But mostly, I am speaking here about small outrage–the kind that makes you feel vindicated somehow, that someone else is so clearly wrong.  Though I wonder if our outrage and deep grief over terrible injustices, racial violence, systemic inequity might somehow be related to this minutiae-rage.   I wonder if, for those of us who are deeply troubled by these bigger things in the world, the small bursts of outrage–in line at the grocery store, in traffic, in the comment lines of our facebook statuses, in our everyday dealings with our mothers–might be small ways we relieve the pressure of the helplessness of the larger outrage we don’t know how to begin to overcome and confront.  But if we don’t, I don’t know who will.  Are we waiting for our sweet-cheeked children to grow up and fix this mess?  If so, are we preparing them with the tools to do so?  

All I’ve got are questions, you guys.  And a really great story about a guy who sort of navigated the world by shaping himself in opposition for you to listen to while you fold the laundry (usually I give you a pass on laundry, but I did five loads on Friday so I’m not feeling lenient).  Write whatever you want. It’s Father’s Day and I’m feeling complicated. You could write about that if you want. Or avoid it until you’re ready. Like me.

(just a little warning, so you can decide if you’re up for this: a person gets shot in the story, but there isn’t a sound effect, it’s just read)

Bullet In the Brain, by Tobias Wolff




 I’ve been navigating the world in guilt for so long, I don’t even know when it started.  My mother tells me I was born with circles under my eyes.  So maybe it’s been this way always. But lately I’ve been feeling particularly breathless because of it and so have been looking at it closely.  Part of my guilt, I think, comes from how much I enjoy all the things I am doing. So I feel disloyal to the other things that I ought to do, and also enjoy, but am not doing at the moment.

This sounds like what my friend Jessica would call a “humble brag,” right? Oh my gosh my life is so awesome it just makes me so exhausted choosing which fun thing to do!!!  I’m sorry.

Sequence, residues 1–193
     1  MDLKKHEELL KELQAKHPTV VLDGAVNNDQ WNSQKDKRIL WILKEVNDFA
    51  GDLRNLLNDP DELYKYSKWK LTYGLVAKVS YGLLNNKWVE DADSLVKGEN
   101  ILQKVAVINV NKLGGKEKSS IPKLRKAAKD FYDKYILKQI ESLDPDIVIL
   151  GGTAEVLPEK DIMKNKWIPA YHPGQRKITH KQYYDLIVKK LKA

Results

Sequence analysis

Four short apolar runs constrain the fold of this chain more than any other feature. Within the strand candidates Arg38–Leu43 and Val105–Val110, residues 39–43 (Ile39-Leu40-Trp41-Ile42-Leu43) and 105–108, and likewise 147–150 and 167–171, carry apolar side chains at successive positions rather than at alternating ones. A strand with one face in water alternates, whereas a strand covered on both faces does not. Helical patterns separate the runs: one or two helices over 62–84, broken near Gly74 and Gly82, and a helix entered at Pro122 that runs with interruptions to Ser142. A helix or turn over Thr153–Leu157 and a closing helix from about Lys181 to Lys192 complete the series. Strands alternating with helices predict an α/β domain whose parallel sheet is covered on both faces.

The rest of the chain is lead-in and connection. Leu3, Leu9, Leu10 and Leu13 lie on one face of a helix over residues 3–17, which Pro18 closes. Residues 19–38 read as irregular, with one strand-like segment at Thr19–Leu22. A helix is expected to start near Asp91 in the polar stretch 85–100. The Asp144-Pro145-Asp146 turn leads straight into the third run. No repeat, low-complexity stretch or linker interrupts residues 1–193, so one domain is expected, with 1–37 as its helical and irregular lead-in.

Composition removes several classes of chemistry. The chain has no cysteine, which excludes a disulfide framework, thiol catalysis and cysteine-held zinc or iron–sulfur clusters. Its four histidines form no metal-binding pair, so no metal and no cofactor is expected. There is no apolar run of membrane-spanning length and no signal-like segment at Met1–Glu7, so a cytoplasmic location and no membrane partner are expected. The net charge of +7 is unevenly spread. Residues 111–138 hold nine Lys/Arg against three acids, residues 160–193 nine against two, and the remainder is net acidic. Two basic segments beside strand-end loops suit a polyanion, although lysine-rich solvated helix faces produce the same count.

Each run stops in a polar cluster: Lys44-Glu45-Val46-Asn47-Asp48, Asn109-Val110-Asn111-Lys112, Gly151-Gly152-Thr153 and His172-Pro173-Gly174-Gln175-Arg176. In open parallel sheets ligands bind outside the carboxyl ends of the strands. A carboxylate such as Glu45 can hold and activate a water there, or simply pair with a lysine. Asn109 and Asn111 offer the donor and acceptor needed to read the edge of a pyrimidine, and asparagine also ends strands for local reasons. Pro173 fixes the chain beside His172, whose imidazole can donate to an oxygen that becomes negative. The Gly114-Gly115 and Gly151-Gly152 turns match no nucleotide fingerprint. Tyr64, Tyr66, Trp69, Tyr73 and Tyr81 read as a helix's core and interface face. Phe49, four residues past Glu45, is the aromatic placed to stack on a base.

This morning my mother said to me, “You’ve made your life this way. To survive.”  She’s right. I have.  I’m grateful–not in the sense that all this stuff has just fallen in my life due to pure good luck, (though I must acknowledge the role luck has had).  I’ve worked for all of the great relationships and opportunities and doors that have opened for me. And it was work to walk through those doors.

This week I watched people walk through a pair of double doors at the USO Warrior and Family Center in Bethesda into an art studio filled with mostly strangers.  The USO of Metro Washington-Baltimore, Combat Paper NJ and Warrior Writers came together to create an immense opportunity for Service Members to work with some of the finest writing and art facilitators I know.  But the participants themselves did the work.  They came to it with an immense amount of personal courage.  They dug deep, wrote, edited, conceptualized, created art and told stories.  They laughed and cried and gave and received love.  They chose to spend most of their free time this week on this.  They chose to survive in this way.

Even in that room, I felt a sense of guilt, of being stretched thin, the responsibility of choice–I didn’t spend nearly enough time with some of the participants I really wanted to hang out with more.  I kept having to decide where to turn my energy, to prioritize.  But when everyone is a priority, it’s difficult not to feel like you’re letting people down.